Important Australian + International Fine Art
27 August 2014


(1919 - 1987, New Zealand)

synthetic polymer paint on Steinbach paper

110.5 x 73.0 cm

signed with initials, dated and inscribed lower left: II NOUGHTS & CROSSES 2. C. McC. '76.

$180,000 - 240,000
Sold for $168,000 (inc. BP) in Auction 36 - 27 August 2014, Sydney

Peter McLeavey Gallery, Wellington
Private collection, New Zealand, acquired from the above in 1978
Peter McLeavey Gallery, Wellington
Private collection, Brisbane, acquired from the above in 2001


Colin McCahon: Paintings – Noughts and crosses, Rocks in the sky, On the road, Barry Lett Galleries, Auckland, 23 August – 3 September 1976, cat. 2 (as 'Noughts and Crosses (second set)') 
Colin McCahon: Necessary Protection: the catalogue of a travelling exhibition of paintings from Colin McCahon's various series from 1971 to 1976, Govett-Brewster Art Gallery, New Plymouth, 1–25 September 1977; Manawatu Art Gallery, Palmerston North, 5–30 October 1977; Robert McDougall Art Gallery, Christchurch, 8 November – 4 December 1977; Dunedin Public Art Gallery, Dunedin, 14 December 1977 – 8 January 1978; Sarjeant Gallery, Wanganui, 18 January – 12 February 1978; National Art Gallery, Wellington, 22 February – 19 March 1978; Hawkes Bay Art Gallery and Museum (Inc.), Napier, 29 March – 23 April 1978; Gisborne Museum and Art Centre, Gisborne, 3–28 May 1978; Waikato Art Museum, Hamilton, 12 July – 6 August 1978; cat. 21 (as 'Noughts & Crosses II 2') 
On loan to Art Gallery of New South Wales, Sydney (label attached verso)


McCahon's 'Necessary Protection', Govett-Brewster Art Gallery, New Plymouth, 1977, p. 42, cat. 21 (illus. p. [33]) 
Bloem, M., and Browne, M., Colin McCahon: A Question of Faith, Craig Potton Publishing & Stedelijk Museum, Amsterdam, 2002, p. 261
Colin McCahon Online Catalogue,, ref. cm001171 

Catalogue text

One of the great masters of twentieth century painting, Colin McCahon is widely revered for his prophetic vision which imbues the vernacular with universal significance to powerfully interrogate sacred questions of faith and doubt, life and death, meaning and despair. Yet while McCahon invariably draws inspiration from the most mundane objects and events in his spiritual quest, the original sources for his meditations are rarely self-evident from the works themselves. Rather it is the existential situation that emerges from the artist's response to this impetus - his reflection distilled through the alchemy of time, memory and recollection - that is immortalised in the sublime incarnations constituting his remarkable legacy.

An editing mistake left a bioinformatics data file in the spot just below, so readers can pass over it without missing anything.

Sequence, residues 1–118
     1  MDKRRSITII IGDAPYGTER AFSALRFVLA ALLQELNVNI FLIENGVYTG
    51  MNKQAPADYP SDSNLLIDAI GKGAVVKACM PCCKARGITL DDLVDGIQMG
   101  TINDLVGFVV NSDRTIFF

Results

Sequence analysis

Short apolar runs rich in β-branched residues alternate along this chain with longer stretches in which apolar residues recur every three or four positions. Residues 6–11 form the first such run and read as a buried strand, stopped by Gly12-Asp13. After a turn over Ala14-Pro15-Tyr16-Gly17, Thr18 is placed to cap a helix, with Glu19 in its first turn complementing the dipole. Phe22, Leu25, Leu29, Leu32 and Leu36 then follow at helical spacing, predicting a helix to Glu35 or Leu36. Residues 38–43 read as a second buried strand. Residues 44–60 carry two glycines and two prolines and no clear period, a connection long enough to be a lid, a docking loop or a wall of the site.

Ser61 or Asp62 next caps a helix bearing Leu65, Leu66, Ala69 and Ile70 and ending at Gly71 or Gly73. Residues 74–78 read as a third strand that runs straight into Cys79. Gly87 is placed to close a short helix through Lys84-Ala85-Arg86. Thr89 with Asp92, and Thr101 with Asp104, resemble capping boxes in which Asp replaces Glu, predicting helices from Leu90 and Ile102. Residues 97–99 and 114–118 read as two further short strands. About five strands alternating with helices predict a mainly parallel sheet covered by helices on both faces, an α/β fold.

As with several themes from this decade influenced by the minutiae of the artist's daily life at Muriwai, the inspiration for the Noughts and Crosses series came to McCahon while watching his daughter Victoria play games of noughts and crosses with her young son Tui. As Martin Browne elucidates '... In their discarded scraps of paper, McCahon discovered a rich metaphor for the universal "game" of life. For in life, as in noughts and crosses, each individual must play within a given set of rules, the choices made and chances taken determining what follows thereafter ... Accordingly, now the crosses represented both a positive and affirmative act and, through the metaphor of the Crucifixion, the promise of redemption. As well as the "x" traditionally marking the "cross" in the game, McCahon employs the shape of the Latin Cross - "T" - the Cross of Christ's Crucifixion. By contrast, the noughts here threaten the possibility of the abyss; a primordial void from which there is no hope of escape.'1

Exploiting the brutal intellectual and spiritual implications of this seemingly innocent children's game, McCahon thus embarked upon the acclaimed Noughts and Crosses series which, comprising fourteen paintings (another reference to the numerical symbology of the Stations of the Cross) is divided into two sets of seven known as 'the first set' and 'series 2'. While each of 'the first set' depicts two completed games and common to all but one is the victory of the crosses, in series two, the imagery is reduced to single games whose results become far more ambiguous. Now only the present work and no. 3 repeat the victory of the Latin Crosses that so distinguished the first series. Furthermore, although technically a 'win', the fact that two of the three black crosses in the work on offer are almost obfuscated within the dark background smoke from a fiery hell visibly portends the doubt and despair to follow. Indeed, in paintings no. 4 and 5, the results are inconclusive; in no. 6 the victory of the crosses is rendered with a line of black 'x's rather than the Latin Cross employed previously; while finally, in no. 7, the last painting of the series, the hope offered by the Latin Cross has been completely extinguished, the crosses here appearing in black against a black background while victory lies with the noughts.

Despite such an ostensibly pessimistic finale, the Noughts and Crosses series remains compelling for the beauty, mystery and sophistication with which the artist transforms the everyday into the wonder of an authentic spiritual encounter. For, as with the best of McCahon's work, 'it is the existential situation that prevails ... The viewer is asked to stand with the artist, in a situation where each person must decide the issue in their own way ... It is art used to give the conflict of faith and doubt coherence of thought, effort and expression in its most positive form.'2

1. Bloem, M., and Browne, M., Colin McCahon: A Question of Faith, Craig Potton Publishing & Stedelijk Museum, Amsterdam, 2002, p. 226
2. Brown, G.H., Colin McCahon: Artist, A.H. & A.W. Reed, Wellington, 1984, pp. 117-118